Anyone who has had children knows that the first few weeks require a good deal of adjustment. Even for the seasoned parent, this time is unpredictable. While some things come as second nature, each baby is different, and situation is unique. This time can be exhausting, difficult, and even scary, but it is rarely without humor.
Even though we are on baby #3, we’ve already had a few unique experiences. One of them happened yesterday morning. You see, my grandma gifted us 6 weeks of a cloth diaper service. The way it works is they bring you all your diapering supplies, and all week you use the diapers, stashing the dirty ones away in a bag. At the end of the week, you set your bag of dirty diapers outside, and they pick it up leaving a bag of fresh, clean diapers in its place. It’s a pretty awesome deal. Some people liken it to weekly visits from the diaper fairy.
Our first pick up was yesterday. We had all been sleeping pretty late since baby’s arrival, and we didn’t know how early the diaper service would show up, so we decided to put the bag of diapers out the night before. We worried briefly about it attracting animals, but the bag is made of some super material that leaves it virtually odorless when zipped up, so we figured it would be okay.
At 11 am, there was a knock on the door. My husband, Jeff, answered. The man at the door said, “Hi, I’m here to pick up your diapers.”
Jeff said, “Oh yeah, they’re right. . . hm. . . that’s weird. . .”
He explained to the guy that he had set them out the night before. He looked all around the patio and in the front yard. He came inside, asked me if I’d done anything with them (which received a look from me suggesting he was a lunatic), then he went outside and looked around again, the whole time stating every possible hypothetical scenario. “Maybe one of our kids brought it in? Maybe our dogs got out and dragged it to the back yard? Maybe my wife. . . Has this ever happened before?”
The diaper guy said, “No. Never.”
Jeff stopped searching, and after about a minute of staring and speechlessness, he finally he said, “I don’t know what to say. They had to have been stolen. I can’t imagine anyone doing it, but that has to be what happened. I can’t think of any other logical explanation.”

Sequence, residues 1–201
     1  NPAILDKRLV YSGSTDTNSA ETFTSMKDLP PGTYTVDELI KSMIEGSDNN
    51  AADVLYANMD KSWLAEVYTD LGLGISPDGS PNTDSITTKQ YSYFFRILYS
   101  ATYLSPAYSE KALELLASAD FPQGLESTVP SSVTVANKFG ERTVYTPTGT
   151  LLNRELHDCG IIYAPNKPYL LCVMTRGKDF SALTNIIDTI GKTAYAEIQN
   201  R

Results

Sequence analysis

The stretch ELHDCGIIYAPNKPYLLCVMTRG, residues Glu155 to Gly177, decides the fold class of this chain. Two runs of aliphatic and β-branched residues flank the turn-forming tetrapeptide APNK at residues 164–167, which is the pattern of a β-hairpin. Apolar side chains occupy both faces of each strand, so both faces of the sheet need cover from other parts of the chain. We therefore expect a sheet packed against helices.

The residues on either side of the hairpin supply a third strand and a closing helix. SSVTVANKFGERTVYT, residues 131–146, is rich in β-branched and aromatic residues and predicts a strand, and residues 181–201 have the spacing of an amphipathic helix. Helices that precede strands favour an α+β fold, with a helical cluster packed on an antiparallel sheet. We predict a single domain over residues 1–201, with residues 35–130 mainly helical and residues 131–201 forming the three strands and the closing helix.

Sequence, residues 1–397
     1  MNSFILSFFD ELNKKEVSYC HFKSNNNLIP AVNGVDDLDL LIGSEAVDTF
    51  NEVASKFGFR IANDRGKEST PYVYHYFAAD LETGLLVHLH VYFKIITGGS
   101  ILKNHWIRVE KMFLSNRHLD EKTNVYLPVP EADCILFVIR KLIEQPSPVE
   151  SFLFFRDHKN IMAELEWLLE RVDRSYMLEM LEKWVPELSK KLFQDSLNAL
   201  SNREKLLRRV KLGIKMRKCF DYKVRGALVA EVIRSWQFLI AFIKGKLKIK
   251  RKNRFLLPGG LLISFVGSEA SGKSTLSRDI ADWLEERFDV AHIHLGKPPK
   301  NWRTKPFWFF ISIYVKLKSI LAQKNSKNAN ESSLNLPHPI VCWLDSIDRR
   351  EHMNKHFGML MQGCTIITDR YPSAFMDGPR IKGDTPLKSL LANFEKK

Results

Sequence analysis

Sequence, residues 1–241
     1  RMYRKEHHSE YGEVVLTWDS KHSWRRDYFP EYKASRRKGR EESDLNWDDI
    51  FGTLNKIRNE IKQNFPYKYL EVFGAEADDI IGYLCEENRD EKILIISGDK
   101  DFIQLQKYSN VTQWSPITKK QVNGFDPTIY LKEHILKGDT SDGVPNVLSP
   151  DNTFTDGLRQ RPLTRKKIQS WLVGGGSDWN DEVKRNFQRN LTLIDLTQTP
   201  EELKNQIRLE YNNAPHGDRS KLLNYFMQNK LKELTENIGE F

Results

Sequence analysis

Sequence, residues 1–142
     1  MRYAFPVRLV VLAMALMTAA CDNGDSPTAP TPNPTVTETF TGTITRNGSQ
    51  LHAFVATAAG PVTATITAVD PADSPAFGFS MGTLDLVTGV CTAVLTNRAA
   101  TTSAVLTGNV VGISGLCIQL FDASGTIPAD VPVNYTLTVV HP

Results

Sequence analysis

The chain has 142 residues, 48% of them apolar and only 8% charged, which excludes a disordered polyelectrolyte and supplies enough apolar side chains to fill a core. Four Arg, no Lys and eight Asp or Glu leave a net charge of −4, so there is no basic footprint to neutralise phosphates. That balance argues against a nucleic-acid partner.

I was freaking out a bit, ’cause I didn’t want to have to buy over $100 worth of diapers that I’d never get to use. Plus, if our neighbors were stealing bags of dirty diapers off our porch, then none of our belongings would be safe.
The diaper guy probably thought we were crazy people. He said, “Well, if they turn up, give us a call.”
Jeff turned to go in the house, and noticed a flyer on the door handle. He picked it up, went, “Oh my. . . ” and held it up for the guy to see.
The diaper guy said, “Is that a charity service?”
Jeff said, “Yep.”
It turns out that a few weeks ago, Jeff told Big Brother/Big Sister that we had a big box of clothes for them, and would set it out on Friday, the 12th. The same day as our diaper pick up. So yeah, we donated dirty, smelly, poopy, stinky diapers to charity.
Even though we had a box of clothes in the garage all ready to go, we forgot about the pick up. In our defense, our new baby was not even 2 weeks old. He’s been a pretty big distraction.
The case of the missing dirty diapers was solved. Jeff called the charity, and they returned the bag to us. Thank goodness they had left us a flyer, um, thanking us for our “donation.” Could you imagine the poor person who would have opened the bag, and dumped it out on a table to sort through the contents…
The moral of this story: Dirty diapers do not make good charitable donations.
OMG That’s hilarious! That poor charity pick up guy!
And with this, I will forever think of you every time I put out clothes for charity pickup. And now I’m going to tell Lars the story. He’s going to DIE.